ON DANGEROUS GROUND features Ida Lupino, Nicholas Ray, Robert Ryan, and a raging Ward Bond; strong ingredients in this noir that ranges from the alleys of New York City to the snowy hilltops of Upstate New York.

Have you ever played the game where you imagine the all-time guest list of the perfectly fascinating dinner party? I do constantly. For many of those rosters I include Ida Lupino. She’s smart, strong, smart, pretty, and pretty damn smart. I’m bettin’ she has some tales to tell. I understand she directed (uncredited) this film for several days when Nicholas Ray was ill.

In this film, Ms. Lupino plays a blind person. In spite of a script that calls for the other characters to be oblivious to her lack of vision for ludicrous lengths of time, she’s just fine. And when she huskily rebuffs sympathy from Robert Ryan near the end of the flick, tears are near at hand.

I’m a fan.

For me, Robert Ryan can be intense and effective (THE RACKET and THE BATTLE OF THE BULGE) or dreadfully unengaged (THE LONGEST DAY). This is pretty good Robert Ryan. He’s scary as a hardened NYC detective, and confused and vulnerable with a brave lady in distress.

I’m buyin’ it.

Ward Bond is a vector of vengeance in the snow. I hope he doesn’t find me.

For me, film noir only works when the ammunition is live.
The pound of flesh must be paid.
Redemption comes, but there are consequences.

Check, check, and check.

This film’s a good’un.

Slouching Towards Hermitude

I find myself slouching towards hermitude these days. Every morning Janie and I sit on the sofa in our living room, with our coffees and muffins and digital newspapers and dog and cat. At some point I ask her; “And what is on your agenda today, young lady?” She usually has one or two things planned. If, between the two of us, we have more than two obligations, something inside of me dims a bit. If we have less, I thrill.

That probably sounds dull and sad.
I don’t care.

I’m grateful for Janie, the sofa, the coffee, the muffin, the dog and the cat… and the space and the time.

After 40+ years of fretting about getting stores open in bad weather and keeping them open in the face of employees’ and lawmakers’ whims and peccadilloes, I am genuinely surprised to learn I prefer fretting about which book I should read next, or which Puccini I should listen to, or whether Fellini should have made Amarcord before I Vitelloni and La Dolce Vita…or whether my beloved Reds could truly be a contender this year given their winter acquisitions.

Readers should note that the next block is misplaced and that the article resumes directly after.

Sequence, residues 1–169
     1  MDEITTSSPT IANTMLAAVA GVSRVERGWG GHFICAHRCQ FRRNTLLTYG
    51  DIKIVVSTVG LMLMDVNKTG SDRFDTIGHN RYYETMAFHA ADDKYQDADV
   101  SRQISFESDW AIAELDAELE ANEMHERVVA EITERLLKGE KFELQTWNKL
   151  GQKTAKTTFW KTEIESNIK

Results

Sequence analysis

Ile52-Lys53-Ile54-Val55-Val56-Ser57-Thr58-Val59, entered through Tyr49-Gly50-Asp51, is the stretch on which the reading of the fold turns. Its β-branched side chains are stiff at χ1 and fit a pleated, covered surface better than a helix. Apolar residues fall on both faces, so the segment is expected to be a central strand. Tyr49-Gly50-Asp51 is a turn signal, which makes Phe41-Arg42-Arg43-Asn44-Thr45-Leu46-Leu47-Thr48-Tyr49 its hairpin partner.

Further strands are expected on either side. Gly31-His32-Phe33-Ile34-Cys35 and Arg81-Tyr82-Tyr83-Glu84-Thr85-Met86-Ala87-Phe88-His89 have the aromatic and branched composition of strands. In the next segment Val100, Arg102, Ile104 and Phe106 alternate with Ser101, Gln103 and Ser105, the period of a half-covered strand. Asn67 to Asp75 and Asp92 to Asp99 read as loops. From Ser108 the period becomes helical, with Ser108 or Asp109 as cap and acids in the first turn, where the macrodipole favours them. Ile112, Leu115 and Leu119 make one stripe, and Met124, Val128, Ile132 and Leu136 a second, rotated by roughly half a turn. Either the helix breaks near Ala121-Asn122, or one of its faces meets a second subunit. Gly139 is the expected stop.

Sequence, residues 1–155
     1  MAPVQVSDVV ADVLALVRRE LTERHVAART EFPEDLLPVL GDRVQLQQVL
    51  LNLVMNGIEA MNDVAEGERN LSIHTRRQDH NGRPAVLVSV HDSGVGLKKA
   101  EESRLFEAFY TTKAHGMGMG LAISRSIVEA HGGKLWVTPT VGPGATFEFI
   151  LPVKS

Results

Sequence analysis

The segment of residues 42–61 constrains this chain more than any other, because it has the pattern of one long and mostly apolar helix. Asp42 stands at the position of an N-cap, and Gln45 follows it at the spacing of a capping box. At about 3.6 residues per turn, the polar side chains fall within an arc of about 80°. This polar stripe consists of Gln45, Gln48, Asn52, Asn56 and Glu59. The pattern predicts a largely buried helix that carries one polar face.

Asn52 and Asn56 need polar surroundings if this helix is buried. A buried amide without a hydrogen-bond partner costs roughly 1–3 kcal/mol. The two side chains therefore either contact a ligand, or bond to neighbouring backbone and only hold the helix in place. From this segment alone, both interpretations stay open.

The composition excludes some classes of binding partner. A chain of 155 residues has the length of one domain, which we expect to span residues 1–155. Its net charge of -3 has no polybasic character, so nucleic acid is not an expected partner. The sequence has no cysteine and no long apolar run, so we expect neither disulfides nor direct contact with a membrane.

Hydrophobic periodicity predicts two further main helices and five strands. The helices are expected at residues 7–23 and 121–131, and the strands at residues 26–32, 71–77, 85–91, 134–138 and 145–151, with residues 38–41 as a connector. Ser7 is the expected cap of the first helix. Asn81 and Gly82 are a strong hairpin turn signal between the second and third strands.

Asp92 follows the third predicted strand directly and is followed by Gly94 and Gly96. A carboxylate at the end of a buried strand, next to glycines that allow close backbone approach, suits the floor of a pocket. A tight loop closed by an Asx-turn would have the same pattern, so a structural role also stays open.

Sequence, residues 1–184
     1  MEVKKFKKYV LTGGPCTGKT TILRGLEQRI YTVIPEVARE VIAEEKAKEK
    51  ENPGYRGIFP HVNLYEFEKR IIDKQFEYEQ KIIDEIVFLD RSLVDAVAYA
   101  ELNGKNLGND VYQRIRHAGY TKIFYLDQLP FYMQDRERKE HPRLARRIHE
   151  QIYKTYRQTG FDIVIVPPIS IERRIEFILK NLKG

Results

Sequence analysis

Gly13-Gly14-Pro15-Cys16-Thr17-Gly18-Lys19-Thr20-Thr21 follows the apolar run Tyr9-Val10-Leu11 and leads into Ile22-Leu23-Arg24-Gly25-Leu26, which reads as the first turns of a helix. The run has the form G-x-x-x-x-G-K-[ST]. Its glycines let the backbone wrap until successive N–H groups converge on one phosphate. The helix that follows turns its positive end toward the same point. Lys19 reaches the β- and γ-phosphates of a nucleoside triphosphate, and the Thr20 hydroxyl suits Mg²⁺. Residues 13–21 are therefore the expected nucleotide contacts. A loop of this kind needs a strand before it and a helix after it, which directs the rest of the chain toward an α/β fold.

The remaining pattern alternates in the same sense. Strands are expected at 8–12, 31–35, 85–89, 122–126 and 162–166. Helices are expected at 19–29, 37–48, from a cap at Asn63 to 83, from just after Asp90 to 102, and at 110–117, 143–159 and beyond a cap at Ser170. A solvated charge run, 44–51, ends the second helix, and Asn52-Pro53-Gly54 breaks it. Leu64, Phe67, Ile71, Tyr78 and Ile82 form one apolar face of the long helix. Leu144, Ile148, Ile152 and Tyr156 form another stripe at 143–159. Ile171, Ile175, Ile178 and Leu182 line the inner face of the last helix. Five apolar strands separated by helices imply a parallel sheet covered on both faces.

Of course my fretting doesn’t affect any of those things, but they affect me and I believe I’m made better by them.

Oh yes, I now watch too much news and fret about that also. And no, my fretting doesn’t affect any of those happenings. And yes, they do affect me and I am not made better by them. All I can do is resist and await opportunities to act and vote and stay focused on what’s right and kind.

It’s tempting to burrow into our library and fret in solitude…as long as Janie and the critters aren’t too far away………and as long as my friends are within reach somehow, even if it’s by smoke signals (some of my friends nurture odd Urban Amish habits – one of them just started using email last year though the fake news didn’t report it).

What kind of ersatz hermit is that?

Last night I babysat with an old friend. He’s just had a knee replacement, is recuperating and has challenged his wife with his recuperation. I surmised her sanity remained intact though her patience was exhausted. She needed a break and my friend needed some of Janie’s fine veggie/beef soup. I delivered the soup and a few hours respite.

It was just the two of us and the soup and a movie and the continuation of a conversation that has lasted for slightly over fifty years.

Most of the time it’s been civil.
Most of the time it’s been intelligent.
Occasionally it’s been clever.